From the LawBlogs – Week ending July 16, 2016
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Posted by Justia
Unlawful discrimination - Race
Riley v. Elkhart Cmty. Schs.U.S. Court of Appeals for the Seventh Circuit Docket: 15-3166
Elkhart Community Schools (ECS), has employed Riley, an African‐American female, as a teacher since 1980. She has an administrator’s license and is pursuing her doctorate in education. In 2010, she was named the ECS Teacher of the Year. From 2005-2013, Riley unsuccessfully applied for 12 different administrative positions with ECS. Riley filed an Equal Employment Opportunity Commission charge, claiming that race, sex, and age discrimination were the reasons that ECS had not promoted her. The EEOC sent Riley a right to sue letter. Riley filed suit, alleging race, sex, and age discrimination. The district court granted summary judgment for ECS on all counts, dismissing some claims on procedural grounds, and dismissing the remaining claims because Riley had failed to produce sufficient evidence. The Seventh Circuit affirmed. Of the positions for which action was not time-barred, one was given to an African-American woman; Riley did not apply for two; and one position was a lateral move so that Riley did not suffer an adverse employment action. Riley did not produce evidence of pretext with respect to other positions. ECS produced the list of factors that the screening committee considered in recommending candidates.
Unlawful discrimination – sexual orientation
Hively v. Ivy Tech Cmty. Coll. U.S. Court of Appeals for the Seventh Circuit Docket: 15-1720
Hively began teaching as a part‐time adjunct professor at Ivy Tech in 2000. In 2013, she filed a charge with the Equal Employment Opportunity Commission (EEOC) claiming that she had been “discriminated against on the basis of sexual orientation” as she had been “blocked from fulltime [sic] employment without just cause.” After exhausting the procedural requirements in the EEOC, she filed suit, pro se, under the Civil Rights Act of 1964, 42 U.S.C. 2000e (Title VII). The district court dismissed. The Seventh Circuit affirmed. Title VII does not apply to claims of sexual orientation discrimination. The court relied on precedent, but acknowledged the EEOC’s criticism of its position and that “It seems unlikely that our society can continue to condone a legal structure in which employees can be fired, harassed, demeaned, singled out for undesirable tasks, paid lower wages, demoted, passed over for promotions, and otherwise discriminated against solely based on who they date, love, or marry.”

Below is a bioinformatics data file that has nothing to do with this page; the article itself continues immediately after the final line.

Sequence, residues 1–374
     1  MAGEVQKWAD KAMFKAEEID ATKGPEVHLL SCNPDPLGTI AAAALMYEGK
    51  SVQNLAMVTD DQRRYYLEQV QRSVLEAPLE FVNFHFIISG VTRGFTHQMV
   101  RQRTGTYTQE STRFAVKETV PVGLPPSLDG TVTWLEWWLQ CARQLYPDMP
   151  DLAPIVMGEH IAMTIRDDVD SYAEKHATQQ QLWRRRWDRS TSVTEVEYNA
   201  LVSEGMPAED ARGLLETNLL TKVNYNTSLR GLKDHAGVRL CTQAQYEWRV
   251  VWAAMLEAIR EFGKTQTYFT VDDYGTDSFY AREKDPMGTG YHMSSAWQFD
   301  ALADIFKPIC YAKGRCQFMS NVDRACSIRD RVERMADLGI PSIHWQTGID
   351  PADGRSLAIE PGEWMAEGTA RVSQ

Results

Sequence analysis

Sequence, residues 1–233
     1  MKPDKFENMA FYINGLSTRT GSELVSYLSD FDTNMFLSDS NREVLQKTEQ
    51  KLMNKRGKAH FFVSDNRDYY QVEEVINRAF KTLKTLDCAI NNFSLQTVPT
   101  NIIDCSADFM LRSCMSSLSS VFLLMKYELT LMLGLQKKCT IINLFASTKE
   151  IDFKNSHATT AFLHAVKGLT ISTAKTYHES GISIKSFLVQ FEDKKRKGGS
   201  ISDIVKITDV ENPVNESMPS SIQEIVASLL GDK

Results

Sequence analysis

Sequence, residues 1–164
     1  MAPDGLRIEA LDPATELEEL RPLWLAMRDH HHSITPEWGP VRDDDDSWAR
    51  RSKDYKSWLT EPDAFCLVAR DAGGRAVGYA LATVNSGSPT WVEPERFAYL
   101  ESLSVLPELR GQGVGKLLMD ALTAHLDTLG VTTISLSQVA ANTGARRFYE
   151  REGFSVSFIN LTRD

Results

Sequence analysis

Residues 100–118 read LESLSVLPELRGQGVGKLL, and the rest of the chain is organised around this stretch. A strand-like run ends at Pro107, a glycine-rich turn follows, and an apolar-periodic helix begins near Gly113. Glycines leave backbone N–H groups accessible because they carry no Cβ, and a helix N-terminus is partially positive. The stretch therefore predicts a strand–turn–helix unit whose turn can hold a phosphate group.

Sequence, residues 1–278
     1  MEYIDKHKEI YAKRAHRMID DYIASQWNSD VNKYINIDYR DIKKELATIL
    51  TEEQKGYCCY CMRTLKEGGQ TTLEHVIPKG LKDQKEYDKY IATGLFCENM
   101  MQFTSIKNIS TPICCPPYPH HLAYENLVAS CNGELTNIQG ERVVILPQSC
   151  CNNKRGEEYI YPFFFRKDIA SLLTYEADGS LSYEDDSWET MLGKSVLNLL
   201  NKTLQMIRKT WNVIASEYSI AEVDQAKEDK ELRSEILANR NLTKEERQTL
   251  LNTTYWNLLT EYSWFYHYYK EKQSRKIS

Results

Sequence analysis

Constitutional rights of students – expectations of privacy
Ziegler v. Martin Cnty. Sch. Bd., U.S. Court of Appeals for the Eleventh Circuit Docket: 15-11441
Plaintiffs filed suit alleging that defendants violated students' constitutional rights when they detained the students for breathalyzer tests prior to entering their Junior/Senior Prom. The district court granted summary judgment for defendants. The court concluded that plaintiffs have not established an actual or reasonable expectation of privacy in the party bus, which they had abandoned once they had exited for the Prom; the bus driver had apparent authority to consent to search the party bus; and therefore, the search of the party bus did not violate plaintiffs' Fourth Amendment rights. The court also concluded that the initial waiting period for the breathalyzer mouthpieces and a trained individual to administer the breathalyzer tests was reasonable, because it was necessary for the testing; detaining a student after he or she was found to be alcohol free was not “reasonably related” to the reason for the detention “in the first place” of determining if the student passengers on the party bus had been drinking; the individual school defendants are entitled to qualified immunity because there was no binding clearly established law at the time; and claims against the remaining defendants have been abandoned or have no merit. The court rejected plaintiffs' remaining claims. Because plaintiffs have not established that they should succeed on any of their allegations concerning their Fourth, First, and Fourteenth Amendment claims, the court affirmed the judgment.